Your screenplay's expositional scenes can be like a covert spy sneaking around undetected or a clever magician drawing your audience's eye with tricky sleight of hand.
Writing exposition is notoriously problematic, especially for new screenwriters. Many times, inexperienced (or just plain lazy) writers will unload necessary information in tediously clunky expositional scenes that feel more like homework than entertainment, leaving audiences bored and unengaged in the storytelling process. So, how do you make these kinds of scenes fun and interesting to watch? Well, in this video essay, Fandor's Philip Brubaker goes over how a handful of very clever professional screenwriters managed it with their screenplays, from Robert Towne with Chinatown, arguably the best script ever written, to Mike Meyers with Wayne's World 2, arguably the 2nd best Wayne's World script ever written.
Brubaker shares a lot of great examples of expositional scenes in the video essay, some of which disguise information in boring chats over sandwiches while others go in guns blazing and satirize the whole technique. The lessons here are that 1.) your choice of expositional device should be one that you don't make lightly, and 2.) just having a character share all the necessary information like they're reading a textbook is not a choice.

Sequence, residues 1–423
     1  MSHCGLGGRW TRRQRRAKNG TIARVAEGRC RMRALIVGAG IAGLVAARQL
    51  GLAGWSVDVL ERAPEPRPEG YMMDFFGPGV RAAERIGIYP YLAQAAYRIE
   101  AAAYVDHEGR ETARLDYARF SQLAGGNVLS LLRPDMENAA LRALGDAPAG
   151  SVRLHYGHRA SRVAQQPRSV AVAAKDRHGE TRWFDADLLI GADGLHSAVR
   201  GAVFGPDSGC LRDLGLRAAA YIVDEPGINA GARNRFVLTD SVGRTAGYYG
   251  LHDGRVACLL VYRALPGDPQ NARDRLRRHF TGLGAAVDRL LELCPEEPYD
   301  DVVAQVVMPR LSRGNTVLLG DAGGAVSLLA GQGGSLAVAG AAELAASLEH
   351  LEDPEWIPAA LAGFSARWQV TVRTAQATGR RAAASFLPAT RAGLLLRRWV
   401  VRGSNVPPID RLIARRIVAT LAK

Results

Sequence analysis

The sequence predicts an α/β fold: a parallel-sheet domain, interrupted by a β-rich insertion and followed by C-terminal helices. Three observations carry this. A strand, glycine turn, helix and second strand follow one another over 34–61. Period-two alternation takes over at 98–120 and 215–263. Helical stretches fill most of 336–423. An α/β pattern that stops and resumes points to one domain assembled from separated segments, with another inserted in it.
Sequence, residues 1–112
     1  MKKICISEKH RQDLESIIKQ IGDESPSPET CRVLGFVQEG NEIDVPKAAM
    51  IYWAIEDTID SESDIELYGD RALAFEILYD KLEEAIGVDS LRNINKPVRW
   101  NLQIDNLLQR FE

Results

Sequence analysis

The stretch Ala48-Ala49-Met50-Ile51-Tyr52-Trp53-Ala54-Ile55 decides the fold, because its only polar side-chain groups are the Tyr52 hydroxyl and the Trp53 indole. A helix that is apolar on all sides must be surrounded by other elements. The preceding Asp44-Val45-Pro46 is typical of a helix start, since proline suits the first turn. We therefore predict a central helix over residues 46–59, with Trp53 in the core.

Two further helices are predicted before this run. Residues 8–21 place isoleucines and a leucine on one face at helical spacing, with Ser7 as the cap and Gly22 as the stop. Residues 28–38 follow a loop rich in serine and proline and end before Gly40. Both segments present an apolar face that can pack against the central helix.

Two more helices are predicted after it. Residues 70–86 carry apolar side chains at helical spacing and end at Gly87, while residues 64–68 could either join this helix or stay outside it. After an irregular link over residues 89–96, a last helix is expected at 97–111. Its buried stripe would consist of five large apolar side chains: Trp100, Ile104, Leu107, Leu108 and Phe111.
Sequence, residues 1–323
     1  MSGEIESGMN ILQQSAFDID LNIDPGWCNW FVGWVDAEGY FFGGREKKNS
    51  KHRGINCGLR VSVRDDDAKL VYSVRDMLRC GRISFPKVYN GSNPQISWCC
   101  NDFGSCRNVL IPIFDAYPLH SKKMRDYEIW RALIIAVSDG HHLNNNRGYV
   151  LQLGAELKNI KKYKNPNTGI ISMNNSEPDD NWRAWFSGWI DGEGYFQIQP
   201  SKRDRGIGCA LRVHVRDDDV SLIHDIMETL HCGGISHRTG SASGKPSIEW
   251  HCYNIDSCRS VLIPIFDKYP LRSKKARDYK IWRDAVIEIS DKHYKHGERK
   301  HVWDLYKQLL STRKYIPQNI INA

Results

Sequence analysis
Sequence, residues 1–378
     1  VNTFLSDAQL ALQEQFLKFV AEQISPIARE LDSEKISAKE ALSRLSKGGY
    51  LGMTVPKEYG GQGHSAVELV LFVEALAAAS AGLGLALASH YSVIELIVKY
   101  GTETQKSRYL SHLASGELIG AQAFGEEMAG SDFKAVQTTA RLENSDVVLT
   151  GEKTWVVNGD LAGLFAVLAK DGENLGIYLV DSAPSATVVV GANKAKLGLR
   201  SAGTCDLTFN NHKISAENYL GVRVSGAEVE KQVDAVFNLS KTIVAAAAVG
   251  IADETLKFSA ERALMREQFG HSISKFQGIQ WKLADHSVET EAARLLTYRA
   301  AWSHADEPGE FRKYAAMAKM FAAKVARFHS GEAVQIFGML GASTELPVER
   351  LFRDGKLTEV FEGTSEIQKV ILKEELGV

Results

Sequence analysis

Seriously, a walk-and-talk or dinner table scene in which one character simply informs another about important facts, backstory, or stakes can come off as lazy or patronizing to the audience. Your viewer doesn't want to be spoonfed pertinent information, they want to be given clues to a mystery that they're required to solve. That allows them to engage with your story, to become invested, to care about the outcome.
So, whether you want to hide exposition in mundane actions or break the 4th wall and face it head on, just make sure that whatever you do allows your viewer to participate in your storytelling rather than merely be subjected to it. It'll keep things interesting and entertaining enough for them to stick around until the credits start to roll.